A collaboration that boosts how children learn science using body gestures and movements has won the Making a Social Difference prize at the Scottish Knowledge Exchange Awards 2022.
Dr Andrew Manches, Co-Director of the Digital Education Research Centre at the University of Edinburgh’s Moray House School of Education and Sport, worked with the Glasgow Science Centre (GSC) and SSERC, which promotes STEM education, to improve science education at museums, science centres and schools for children aged three to eight, particularly those who have few science learning opportunities.
Improved exhibits and facilitation
The Move2learn collaboration has led to improved design of exhibits and better facilitation of learning. It has also resulted in more than 1,200 engagements with children, a novel prototype exhibit, a licensed game, the Tam Dalyell prize for Science Engagement and an extension into special educational needs.
The game, called STEM Charades, was highly praised by teachers and children during the project and has attracted commercial interest from retailers.
Edinburgh Innovations has supported the team, providing advice on the commercialisation of their resources to scale impact.
The Making a Social Difference award was presented at the seventh annual Scottish Knowledge Exchange Awards, organised by Interface, which connects businesses from all sectors to Scotland’s universities, research institutes and colleges. The awards were introduced by Ivan McKee, the Scottish Government’s Minister for Business, Trade, Tourism and Enterprise.
Dr Manches said:
Winning the Making a Social Difference award is an amazing way to celebrate and thank our colleagues at Glasgow Science Centre and SSERC for the time and passion they have continued to give, which has enabled us to really connect learning research to everyday practice.
We have already reached many children through our partnership, directly and indirectly, and are very excited currently to be building upon and extending this work to explore the value of gesture in the classroom and its links to sign language to improve STEM education for all children.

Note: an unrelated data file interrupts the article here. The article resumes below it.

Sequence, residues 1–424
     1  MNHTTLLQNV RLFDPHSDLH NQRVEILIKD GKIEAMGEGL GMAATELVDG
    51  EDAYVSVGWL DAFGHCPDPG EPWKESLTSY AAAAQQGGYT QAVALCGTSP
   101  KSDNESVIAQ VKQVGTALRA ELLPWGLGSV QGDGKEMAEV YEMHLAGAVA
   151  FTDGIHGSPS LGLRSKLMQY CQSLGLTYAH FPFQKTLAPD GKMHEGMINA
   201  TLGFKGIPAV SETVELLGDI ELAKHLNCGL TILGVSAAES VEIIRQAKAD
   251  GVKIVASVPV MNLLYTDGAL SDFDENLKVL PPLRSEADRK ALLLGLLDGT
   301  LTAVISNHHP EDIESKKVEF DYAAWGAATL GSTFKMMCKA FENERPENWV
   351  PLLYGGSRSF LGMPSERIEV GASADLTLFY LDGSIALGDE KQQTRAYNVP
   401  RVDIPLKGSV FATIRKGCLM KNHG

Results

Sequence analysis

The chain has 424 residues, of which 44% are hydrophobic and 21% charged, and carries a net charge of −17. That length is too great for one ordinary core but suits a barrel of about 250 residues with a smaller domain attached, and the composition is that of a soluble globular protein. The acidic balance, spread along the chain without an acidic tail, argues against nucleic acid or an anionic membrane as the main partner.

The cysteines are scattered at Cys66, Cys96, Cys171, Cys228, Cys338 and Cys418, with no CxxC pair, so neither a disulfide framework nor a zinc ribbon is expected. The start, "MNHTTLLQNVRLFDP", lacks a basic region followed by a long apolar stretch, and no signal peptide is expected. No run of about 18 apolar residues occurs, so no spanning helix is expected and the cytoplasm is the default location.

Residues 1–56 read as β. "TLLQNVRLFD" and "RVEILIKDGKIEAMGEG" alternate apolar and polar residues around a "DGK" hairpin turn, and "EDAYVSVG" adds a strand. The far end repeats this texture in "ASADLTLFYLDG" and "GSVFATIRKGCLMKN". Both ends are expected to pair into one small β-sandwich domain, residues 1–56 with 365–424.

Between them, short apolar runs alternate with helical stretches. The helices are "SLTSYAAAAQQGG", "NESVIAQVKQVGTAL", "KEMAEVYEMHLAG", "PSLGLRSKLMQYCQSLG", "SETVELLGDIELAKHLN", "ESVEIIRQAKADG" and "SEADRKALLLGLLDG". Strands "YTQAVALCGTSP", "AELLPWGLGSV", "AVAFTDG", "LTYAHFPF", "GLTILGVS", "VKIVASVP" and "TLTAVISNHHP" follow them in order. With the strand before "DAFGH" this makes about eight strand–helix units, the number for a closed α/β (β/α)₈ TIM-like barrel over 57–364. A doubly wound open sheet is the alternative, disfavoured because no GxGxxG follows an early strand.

Dr Manches researches “embodied learning” – learning that includes hand gestures and body actions – and how these physical experiences underpin STEM thinking and conceptual understanding, enhancing the learning experience for children.
His insights helped design the activities and resources developed during the collaboration and informed the training resources for facilitators at museums and science centres.
Dr Manches also helped the team with multi-data capturing techniques, video analysis, storage of sensitive data and educational resource design.
The project was designed to address a growing need to demonstrate to funders and visitors the learning value of exhibits beyond their entertainment value.
One of the most impactful outcomes has been staff training in how to encourage educators’ and children’s gesture to support inclusive STEM learning.
The University and GSC have shared the findings with more than 200 practitioners at multiple practitioner conferences and through multiple training sessions for staff throughout GSC.
SSERC, Scotland’s largest STEM training organisation, became involved after the initial keen interest from teachers. SSERC delivered workshops with 10 STEM lead teachers and co-developed a day-long teacher training course which has been delivered for West Lothian and North Lanarkshire and is currently being scaled for delivery across councils across Scotland, through live workshops and a MOOC.
More information on the Move2learn project